Hitting the fast moving animals without accidentally shooting each other made their job harder -- as did trying to
fend off the ones scrambling around on the floor while trying to shoot the ones that were airborne.  D’Argo was
cursing and hopping around on one foot, trying to dislodge one from the ankle of his boot while continuing to
fire at any in the air or on the walls.    

“Aeryn!  Duck!”  Crichton aimed directly at her head, waited for her to drop … and missed the gaping jaws that
had been coming in behind her.  “Whoa!  Oh no!”  

It swooped, pulled what looked to him like an Immelman turn, and leveled out at slightly below waist level.  He
dodged to the side as Aeryn’s shot missed it as well -- nearly catching him in the stomach instead -- and tripped
as his foot came down on one of the ‘pies’.  

“Look out!” Aeryn cried.  

The airborne creature arrowed straight for him and drove its teeth into the inside of his thigh a mere dench to
the side of his crotch.  The initial pinch of its bite turned into something more voracious as it began gnawing on
the leather.  “Get it off!” Crichton screamed.  It wasn’t painful, but it was moving sideways as it chewed.  

“Hold still!”  

“DON’T SHOOT IT!!!” he bellowed.  “For God’s sake, Aeryn --”


“You’re aiming at my --”

Her hand flicked down to the power setting on her pistol, twisted it hard, and she fired before he could finish his
protest.  The smell of burnt gravy filled the shop.  Aeryn cranked the pistol back up to full power and turned
away even before his knees had a chance to give out.  John grabbed at the counter, mindful to first check that
there were no toothy creatures scuttling about there, and gingerly felt his anatomy to ensure that everything
was intact.  There was only a fist-sized, incinerated corpse that crumbled into flakes when he brushed his hand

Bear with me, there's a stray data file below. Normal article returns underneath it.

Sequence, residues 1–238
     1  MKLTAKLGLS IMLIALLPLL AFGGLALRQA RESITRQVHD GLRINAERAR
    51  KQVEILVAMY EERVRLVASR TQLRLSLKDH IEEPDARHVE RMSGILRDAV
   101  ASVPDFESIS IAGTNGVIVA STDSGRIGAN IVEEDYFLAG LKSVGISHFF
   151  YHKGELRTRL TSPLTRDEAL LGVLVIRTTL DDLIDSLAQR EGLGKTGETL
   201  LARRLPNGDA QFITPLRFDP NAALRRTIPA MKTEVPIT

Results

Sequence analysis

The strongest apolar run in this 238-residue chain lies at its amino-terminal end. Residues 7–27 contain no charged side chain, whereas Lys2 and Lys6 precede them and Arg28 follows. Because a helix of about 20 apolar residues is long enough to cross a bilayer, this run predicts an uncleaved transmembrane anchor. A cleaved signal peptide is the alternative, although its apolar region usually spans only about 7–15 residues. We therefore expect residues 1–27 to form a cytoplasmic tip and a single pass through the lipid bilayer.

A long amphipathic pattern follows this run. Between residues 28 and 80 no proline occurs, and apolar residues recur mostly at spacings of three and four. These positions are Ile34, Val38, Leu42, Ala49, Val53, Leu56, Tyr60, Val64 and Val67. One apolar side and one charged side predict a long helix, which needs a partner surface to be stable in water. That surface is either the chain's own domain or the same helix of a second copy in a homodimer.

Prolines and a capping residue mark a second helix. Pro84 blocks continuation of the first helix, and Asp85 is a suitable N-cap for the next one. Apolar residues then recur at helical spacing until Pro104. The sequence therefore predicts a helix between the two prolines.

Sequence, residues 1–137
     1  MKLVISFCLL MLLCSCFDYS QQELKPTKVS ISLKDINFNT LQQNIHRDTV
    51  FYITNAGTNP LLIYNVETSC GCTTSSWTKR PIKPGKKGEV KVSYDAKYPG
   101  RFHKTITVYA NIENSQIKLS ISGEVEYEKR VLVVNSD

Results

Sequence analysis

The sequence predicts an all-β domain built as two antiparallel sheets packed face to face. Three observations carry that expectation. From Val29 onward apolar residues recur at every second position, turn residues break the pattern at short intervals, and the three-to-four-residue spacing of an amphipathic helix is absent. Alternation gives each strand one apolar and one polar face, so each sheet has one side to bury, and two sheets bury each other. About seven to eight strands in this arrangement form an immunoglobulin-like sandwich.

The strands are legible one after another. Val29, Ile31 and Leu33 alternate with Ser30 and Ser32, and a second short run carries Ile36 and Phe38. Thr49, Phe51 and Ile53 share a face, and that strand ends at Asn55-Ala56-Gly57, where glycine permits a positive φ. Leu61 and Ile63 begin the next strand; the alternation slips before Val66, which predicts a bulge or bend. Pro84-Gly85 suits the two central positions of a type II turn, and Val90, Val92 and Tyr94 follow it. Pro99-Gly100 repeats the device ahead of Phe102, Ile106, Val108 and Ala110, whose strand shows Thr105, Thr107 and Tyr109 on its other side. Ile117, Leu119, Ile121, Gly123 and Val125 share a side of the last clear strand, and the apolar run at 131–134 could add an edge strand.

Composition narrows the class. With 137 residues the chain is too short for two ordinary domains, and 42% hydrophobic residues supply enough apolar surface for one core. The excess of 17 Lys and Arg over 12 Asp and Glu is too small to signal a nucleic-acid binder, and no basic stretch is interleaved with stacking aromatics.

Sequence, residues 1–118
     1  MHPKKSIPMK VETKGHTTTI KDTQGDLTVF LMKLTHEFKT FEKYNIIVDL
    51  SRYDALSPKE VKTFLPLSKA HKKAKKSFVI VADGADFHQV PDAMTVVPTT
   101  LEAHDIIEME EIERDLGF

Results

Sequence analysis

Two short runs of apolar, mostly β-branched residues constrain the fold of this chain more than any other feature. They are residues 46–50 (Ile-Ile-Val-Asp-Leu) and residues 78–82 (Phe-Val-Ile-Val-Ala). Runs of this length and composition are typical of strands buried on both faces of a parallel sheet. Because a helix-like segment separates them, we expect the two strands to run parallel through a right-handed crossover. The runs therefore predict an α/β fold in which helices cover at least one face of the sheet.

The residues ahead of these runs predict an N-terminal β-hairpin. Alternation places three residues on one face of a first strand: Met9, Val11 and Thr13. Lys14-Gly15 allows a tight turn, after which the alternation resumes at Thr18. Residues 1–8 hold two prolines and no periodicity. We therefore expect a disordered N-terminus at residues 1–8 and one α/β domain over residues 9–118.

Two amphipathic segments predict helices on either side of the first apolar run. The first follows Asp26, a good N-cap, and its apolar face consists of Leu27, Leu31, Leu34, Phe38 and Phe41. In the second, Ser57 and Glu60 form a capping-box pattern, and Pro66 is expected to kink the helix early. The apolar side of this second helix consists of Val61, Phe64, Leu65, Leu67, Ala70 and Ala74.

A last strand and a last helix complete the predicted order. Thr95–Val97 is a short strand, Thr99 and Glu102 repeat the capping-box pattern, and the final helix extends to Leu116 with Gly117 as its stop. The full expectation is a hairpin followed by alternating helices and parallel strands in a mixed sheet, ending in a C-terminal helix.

across it, and a warm spot spreading outward across his pants from Aeryn’s blast.  “Peacekeeper vasectomy,”
he mumbled, feeling a little faint, then took a deep breath and straightened up.  

By the time he returned to the melee, only eight of the voracious creatures remained.  The three besieged
crewmates edged together in the center of the floor, stood back to back, and picked them off one by one.  

“Crichton, you idiot.  Those were Eldrian sand weasels,” Aeryn said when the last one was blown into a
scorched smear on the wall.  

“How would I know?” he yelled back.  “I’ve never seen one before!  What the frell does anyone use those things

“Cycles ago, they were used to clean out an enemy’s underground positions.  They tunnel in and attack
anything that’s alive.  They’re banned by most species because they’re too difficult to control, and will kill
anything they can get their jaws on.  This must be an illegal breeding operation.”

“They looked harmless,” he countered in a weak defense for his foolishness.  “And they smelled like food.”  

D’Argo snorted in derision.  “They smelled like sand weasel dren.  It is more evidence of your deficient sense of
smell that you thought that stench resembled anything edible.”  He shook his head, wiped his Qualta blade
clean with a piece of rag he’d found on the counter, and slid it into its scabbard.  “Let’s get out of here before
someone tries to make us pay for these beasts.”  

“Then that gravy all over the short guy’s apron?” John asked, dreading the answer.  

“Weasel dren,” D’Argo answered.  

Crichton’s stomach lurched at the thought.  The brief nausea wasn’t enough to dispel his hunger, however.  
Falling in behind his friends, he called, “I’m still hungry, but how about you guys choose the food this time?”  He
took one last look at the devastated shop and the array of charred or dripping bodies.  “Or maybe I’ll just stick
with chicken from now on.”

                                                                           * ~ * ~ * ~ * ~ *